Just as in 1992, the 125 title came down to the final moto of the year, but this time Emig’s Cinderella story would fall just a bit short. In the first moto at Steel City, both Emig and Henry did what they needed to do by getting off to a solid starts. For the first few laps, the two dueled for position as privateer Todd Dehoop set the pace out front. The two championship rivals passed each other back and forth several times, before Emig finally got by Dehoop on the third lap. Once in the lead, Emig put on a burst of speed and pulled away to an uncontested victory.  Content to follow him home for second, Henry experienced a tense moment mid-moto by cross-rutting his Factory Honda and cartwheeling off the track. Thankfully, he remounting quickly was able to reenter the track before he could be caught by Brian Swink in third. While he was able to salvage second, the fall left him with an injured wrist going into the final and deciding moto of the year.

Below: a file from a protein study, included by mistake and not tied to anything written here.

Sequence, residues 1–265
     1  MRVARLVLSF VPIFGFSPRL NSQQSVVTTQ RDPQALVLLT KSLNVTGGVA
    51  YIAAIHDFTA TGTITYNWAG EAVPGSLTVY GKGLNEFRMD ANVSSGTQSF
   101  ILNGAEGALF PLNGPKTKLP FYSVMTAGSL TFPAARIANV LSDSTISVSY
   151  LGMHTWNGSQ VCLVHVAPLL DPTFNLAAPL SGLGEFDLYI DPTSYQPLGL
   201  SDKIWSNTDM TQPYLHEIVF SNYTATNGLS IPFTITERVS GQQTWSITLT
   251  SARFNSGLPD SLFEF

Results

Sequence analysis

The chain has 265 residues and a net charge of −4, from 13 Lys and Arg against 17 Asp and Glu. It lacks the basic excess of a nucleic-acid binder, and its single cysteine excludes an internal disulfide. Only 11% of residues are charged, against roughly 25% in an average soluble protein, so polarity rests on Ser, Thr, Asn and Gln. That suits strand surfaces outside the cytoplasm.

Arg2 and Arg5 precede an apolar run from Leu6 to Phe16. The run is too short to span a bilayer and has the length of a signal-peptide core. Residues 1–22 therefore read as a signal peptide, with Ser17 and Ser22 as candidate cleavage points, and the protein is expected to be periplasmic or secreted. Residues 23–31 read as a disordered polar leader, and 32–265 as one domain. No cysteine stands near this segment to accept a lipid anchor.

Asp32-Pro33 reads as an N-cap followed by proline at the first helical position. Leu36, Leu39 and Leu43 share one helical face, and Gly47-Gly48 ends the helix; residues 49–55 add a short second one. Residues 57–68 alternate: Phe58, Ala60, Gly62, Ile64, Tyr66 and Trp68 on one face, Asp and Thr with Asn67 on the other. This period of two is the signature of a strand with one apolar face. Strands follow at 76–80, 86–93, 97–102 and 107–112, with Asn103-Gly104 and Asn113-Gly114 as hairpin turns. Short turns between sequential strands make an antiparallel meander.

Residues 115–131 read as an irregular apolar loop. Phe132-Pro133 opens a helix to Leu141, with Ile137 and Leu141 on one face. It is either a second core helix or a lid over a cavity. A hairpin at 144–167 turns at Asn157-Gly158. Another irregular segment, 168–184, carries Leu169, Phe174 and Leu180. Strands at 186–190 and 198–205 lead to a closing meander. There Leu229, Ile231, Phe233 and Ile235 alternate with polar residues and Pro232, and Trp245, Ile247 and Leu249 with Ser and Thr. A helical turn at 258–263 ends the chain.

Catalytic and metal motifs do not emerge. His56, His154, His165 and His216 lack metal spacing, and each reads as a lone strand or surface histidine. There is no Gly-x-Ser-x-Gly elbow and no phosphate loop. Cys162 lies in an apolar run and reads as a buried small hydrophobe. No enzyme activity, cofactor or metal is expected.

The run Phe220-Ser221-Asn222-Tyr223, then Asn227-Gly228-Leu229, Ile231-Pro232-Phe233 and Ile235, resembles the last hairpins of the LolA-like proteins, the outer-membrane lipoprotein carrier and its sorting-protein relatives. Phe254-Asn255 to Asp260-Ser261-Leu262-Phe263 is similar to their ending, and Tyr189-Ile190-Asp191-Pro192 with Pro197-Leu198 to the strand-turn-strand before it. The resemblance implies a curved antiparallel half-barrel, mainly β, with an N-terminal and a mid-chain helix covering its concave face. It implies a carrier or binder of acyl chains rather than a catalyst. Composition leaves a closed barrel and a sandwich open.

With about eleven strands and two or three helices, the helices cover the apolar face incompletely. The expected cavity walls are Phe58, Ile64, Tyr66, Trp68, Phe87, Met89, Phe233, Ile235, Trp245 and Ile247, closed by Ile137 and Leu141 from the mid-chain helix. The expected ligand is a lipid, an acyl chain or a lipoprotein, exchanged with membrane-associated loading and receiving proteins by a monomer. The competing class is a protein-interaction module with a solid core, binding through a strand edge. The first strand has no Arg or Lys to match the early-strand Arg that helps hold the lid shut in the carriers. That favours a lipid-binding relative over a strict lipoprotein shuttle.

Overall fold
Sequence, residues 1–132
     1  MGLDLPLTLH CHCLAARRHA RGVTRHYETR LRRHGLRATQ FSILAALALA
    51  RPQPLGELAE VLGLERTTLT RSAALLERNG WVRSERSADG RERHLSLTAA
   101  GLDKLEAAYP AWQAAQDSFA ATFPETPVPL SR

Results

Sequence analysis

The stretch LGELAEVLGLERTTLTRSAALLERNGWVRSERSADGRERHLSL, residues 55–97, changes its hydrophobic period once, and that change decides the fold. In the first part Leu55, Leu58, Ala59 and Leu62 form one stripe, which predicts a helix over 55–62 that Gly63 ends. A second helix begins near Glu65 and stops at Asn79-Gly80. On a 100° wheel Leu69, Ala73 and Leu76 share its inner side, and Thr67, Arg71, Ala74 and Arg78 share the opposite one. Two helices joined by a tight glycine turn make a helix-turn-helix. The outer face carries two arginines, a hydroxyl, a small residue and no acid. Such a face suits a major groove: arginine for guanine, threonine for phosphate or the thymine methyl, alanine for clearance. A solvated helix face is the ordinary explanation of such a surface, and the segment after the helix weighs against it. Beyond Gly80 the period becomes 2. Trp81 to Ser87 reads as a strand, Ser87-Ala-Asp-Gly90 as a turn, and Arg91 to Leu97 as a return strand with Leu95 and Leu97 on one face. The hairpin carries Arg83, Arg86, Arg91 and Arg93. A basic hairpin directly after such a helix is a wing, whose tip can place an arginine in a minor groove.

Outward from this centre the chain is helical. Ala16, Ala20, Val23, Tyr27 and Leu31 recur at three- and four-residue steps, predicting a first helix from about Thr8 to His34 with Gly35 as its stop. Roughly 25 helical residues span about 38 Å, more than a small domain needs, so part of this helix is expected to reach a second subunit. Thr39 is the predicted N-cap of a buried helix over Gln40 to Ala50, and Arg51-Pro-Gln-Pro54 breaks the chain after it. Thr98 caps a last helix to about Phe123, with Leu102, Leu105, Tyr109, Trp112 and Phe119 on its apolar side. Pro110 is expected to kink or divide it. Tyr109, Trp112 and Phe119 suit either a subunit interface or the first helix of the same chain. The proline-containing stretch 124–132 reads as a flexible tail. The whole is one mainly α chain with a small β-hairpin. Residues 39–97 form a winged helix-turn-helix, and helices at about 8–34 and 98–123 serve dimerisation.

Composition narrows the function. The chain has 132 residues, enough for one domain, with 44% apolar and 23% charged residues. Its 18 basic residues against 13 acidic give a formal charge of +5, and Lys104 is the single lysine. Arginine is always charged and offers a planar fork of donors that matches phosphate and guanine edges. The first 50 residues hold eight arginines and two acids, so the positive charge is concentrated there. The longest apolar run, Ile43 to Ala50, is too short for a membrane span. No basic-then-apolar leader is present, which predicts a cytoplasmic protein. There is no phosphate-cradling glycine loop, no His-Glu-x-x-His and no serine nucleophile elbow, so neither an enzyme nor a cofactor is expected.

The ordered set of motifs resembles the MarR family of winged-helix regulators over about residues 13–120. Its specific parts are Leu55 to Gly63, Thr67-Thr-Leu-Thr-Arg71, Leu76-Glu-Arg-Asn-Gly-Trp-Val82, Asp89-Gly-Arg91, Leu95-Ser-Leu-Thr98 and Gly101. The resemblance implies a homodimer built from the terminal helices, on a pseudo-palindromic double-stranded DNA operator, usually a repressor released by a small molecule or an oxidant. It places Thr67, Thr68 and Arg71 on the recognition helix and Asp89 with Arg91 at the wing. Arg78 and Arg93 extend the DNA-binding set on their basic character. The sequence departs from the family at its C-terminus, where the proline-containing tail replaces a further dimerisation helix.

Going into moto two, tensions were incredibly high.  Emig had cut Henry’s lead down to only eight points and with Doug still ailing from his first moto crash, anything could happen. At the start of the second race, things got even tenser for Henry, as he creeped into the gate and had his wheel trapped as the rest of the forty riders roared into the first turn. As Doug fought to extricate himself from the gate, the stage was set for another Emig comeback victory. As fate would have it, however, the Moto Gods had other ideas. In the second turn, Emig crashed with another rider and found himself at the back of the pack with Henry.

As the two title combatants worked their way through the field, they fought a titanic battle for position. Picking off rider after rider, Henry and Emig jockeyed for track position in their own private war. Passing each other several times, the two took their title battle to the final turn, where Henry nosed Emig by a bike length at the checkers. With Henry’s sixth place finish, he claimed the 1993 AMA 125 National motocross title.  If Emig had not fallen and had won the moto, Henry’s sixth would have cost him the title, but as it was, he ended up with a nine-point cushion in the standings. In 1993 Jeff Emig was often the fastest rider, but mistakes, mechanicals and just plain bad luck kept him from repeating as 125 National champ.